As briefly mentioned previously, first, substrate 108 is obtained (802). Substrate 108 may be obtained in any one of numerous fashions, and, if appropriate, may be an off-the-shelf substrate 108 having suitable properties. In one exemplary embodiment, substrate 108 includes integrated circuitry that is pre-printed, pre-deposited, or otherwise integrally formed therein. In another exemplary embodiment, a blank substrate 108 is obtained and the integrated circuitry is subsequently integrated. In still another exemplary embodiment, substrate 108 includes doped regions that are appropriately patterned thereon to make up sample controller 134 and module controller 112.

After substrate 108 is obtained, trenches 110 are formed into substrate 108 (804). Trenches 110 may be formed using any one of a number of manners conventionally used in CMOS fabrication capable of not only forming channels 126, but also forming reservoirs 120, 122, and 124. For example, trenches 110 may be etched into substrate 108 by reactive ion etching (“RIE”). In one exemplary embodiment, trenches 110 are formed by masking chrome onto substrate 108 in a predetermined pattern, then depositing photoresist over substrate 108 and chrome, dry etching to obtain deep trenches 110, and removing the photoresist from substrate 108. In other exemplary embodiments, trenches 110 may be formed by other forms of etching and/or photolithography. In still other exemplary embodiment, trenches ˜110 may be formed into substrate 108 while integrated circuitry is being formed thereon.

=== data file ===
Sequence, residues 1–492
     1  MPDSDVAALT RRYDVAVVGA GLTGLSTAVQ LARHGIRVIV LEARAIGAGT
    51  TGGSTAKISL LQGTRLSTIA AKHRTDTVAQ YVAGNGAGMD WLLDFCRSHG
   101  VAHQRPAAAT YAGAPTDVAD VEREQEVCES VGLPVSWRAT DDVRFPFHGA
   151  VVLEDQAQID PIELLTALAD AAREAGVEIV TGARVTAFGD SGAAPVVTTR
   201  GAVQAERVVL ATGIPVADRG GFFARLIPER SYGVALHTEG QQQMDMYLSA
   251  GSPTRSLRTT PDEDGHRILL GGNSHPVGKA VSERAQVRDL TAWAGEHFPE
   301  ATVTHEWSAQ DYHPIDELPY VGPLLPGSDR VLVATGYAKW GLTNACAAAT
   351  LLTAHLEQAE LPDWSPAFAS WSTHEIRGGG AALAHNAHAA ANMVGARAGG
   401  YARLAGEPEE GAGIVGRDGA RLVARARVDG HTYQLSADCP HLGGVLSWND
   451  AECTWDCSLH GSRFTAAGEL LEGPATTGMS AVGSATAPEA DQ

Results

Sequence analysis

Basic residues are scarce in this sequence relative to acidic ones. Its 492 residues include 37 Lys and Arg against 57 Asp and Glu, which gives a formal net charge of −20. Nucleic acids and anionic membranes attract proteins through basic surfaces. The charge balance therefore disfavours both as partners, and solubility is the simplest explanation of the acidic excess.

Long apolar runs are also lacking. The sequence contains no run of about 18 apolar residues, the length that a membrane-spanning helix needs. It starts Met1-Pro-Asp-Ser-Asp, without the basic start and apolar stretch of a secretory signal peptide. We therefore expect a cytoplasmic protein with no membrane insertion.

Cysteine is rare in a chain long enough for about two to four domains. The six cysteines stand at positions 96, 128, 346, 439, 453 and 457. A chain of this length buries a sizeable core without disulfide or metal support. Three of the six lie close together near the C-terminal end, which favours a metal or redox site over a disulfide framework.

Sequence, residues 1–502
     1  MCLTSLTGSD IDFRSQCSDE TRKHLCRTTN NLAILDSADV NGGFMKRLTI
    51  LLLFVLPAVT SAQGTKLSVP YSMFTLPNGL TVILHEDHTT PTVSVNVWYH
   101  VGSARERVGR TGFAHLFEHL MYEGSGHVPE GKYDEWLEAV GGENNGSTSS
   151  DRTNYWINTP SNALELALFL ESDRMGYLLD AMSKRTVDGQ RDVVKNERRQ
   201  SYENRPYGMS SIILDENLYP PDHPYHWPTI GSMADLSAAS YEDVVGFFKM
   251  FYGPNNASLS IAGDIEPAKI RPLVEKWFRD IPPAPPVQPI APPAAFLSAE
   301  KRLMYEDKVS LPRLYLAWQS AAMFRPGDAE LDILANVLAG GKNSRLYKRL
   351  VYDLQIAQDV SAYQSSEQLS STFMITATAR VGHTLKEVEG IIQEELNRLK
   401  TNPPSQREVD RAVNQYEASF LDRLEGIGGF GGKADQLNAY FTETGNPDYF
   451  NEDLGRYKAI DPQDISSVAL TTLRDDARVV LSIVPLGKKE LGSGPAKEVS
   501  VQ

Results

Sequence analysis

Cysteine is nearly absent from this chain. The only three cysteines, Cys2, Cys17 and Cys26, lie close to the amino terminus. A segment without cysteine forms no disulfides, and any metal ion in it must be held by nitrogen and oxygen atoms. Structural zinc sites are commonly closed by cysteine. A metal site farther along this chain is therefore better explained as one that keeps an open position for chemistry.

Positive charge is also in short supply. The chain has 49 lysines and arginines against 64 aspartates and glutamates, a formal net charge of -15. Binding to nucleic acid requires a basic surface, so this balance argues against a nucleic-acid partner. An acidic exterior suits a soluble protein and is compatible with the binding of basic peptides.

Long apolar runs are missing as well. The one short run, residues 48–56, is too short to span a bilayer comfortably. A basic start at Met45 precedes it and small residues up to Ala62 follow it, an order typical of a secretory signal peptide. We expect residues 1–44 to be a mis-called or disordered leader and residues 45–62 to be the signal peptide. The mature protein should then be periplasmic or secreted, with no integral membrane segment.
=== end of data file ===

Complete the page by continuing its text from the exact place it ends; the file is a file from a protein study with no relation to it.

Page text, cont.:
Trenches 110 may be formed in any section of substrate 108 proximate the integrated circuitry that make up processor 106 such that resultant biochip 100 is relatively small and compact. It will be appreciated that although trenches 110 are described herein as being formed immediately after obtaining substrate 108, other intervening steps may be included as well. In one exemplary embodiment, for example, after substrate 108 is obtained, an interlevel dielectric is disposed over substrate 108 either next to or over the integrated circuitry, and trenches 110 are formed in the interlevel dielectric. In embodiments in which relatively small biochips 100 are preferred, the interlevel dielectric may be disposed over the integrated circuitry, and trenches 110 may be formed in the interlevel dielectric.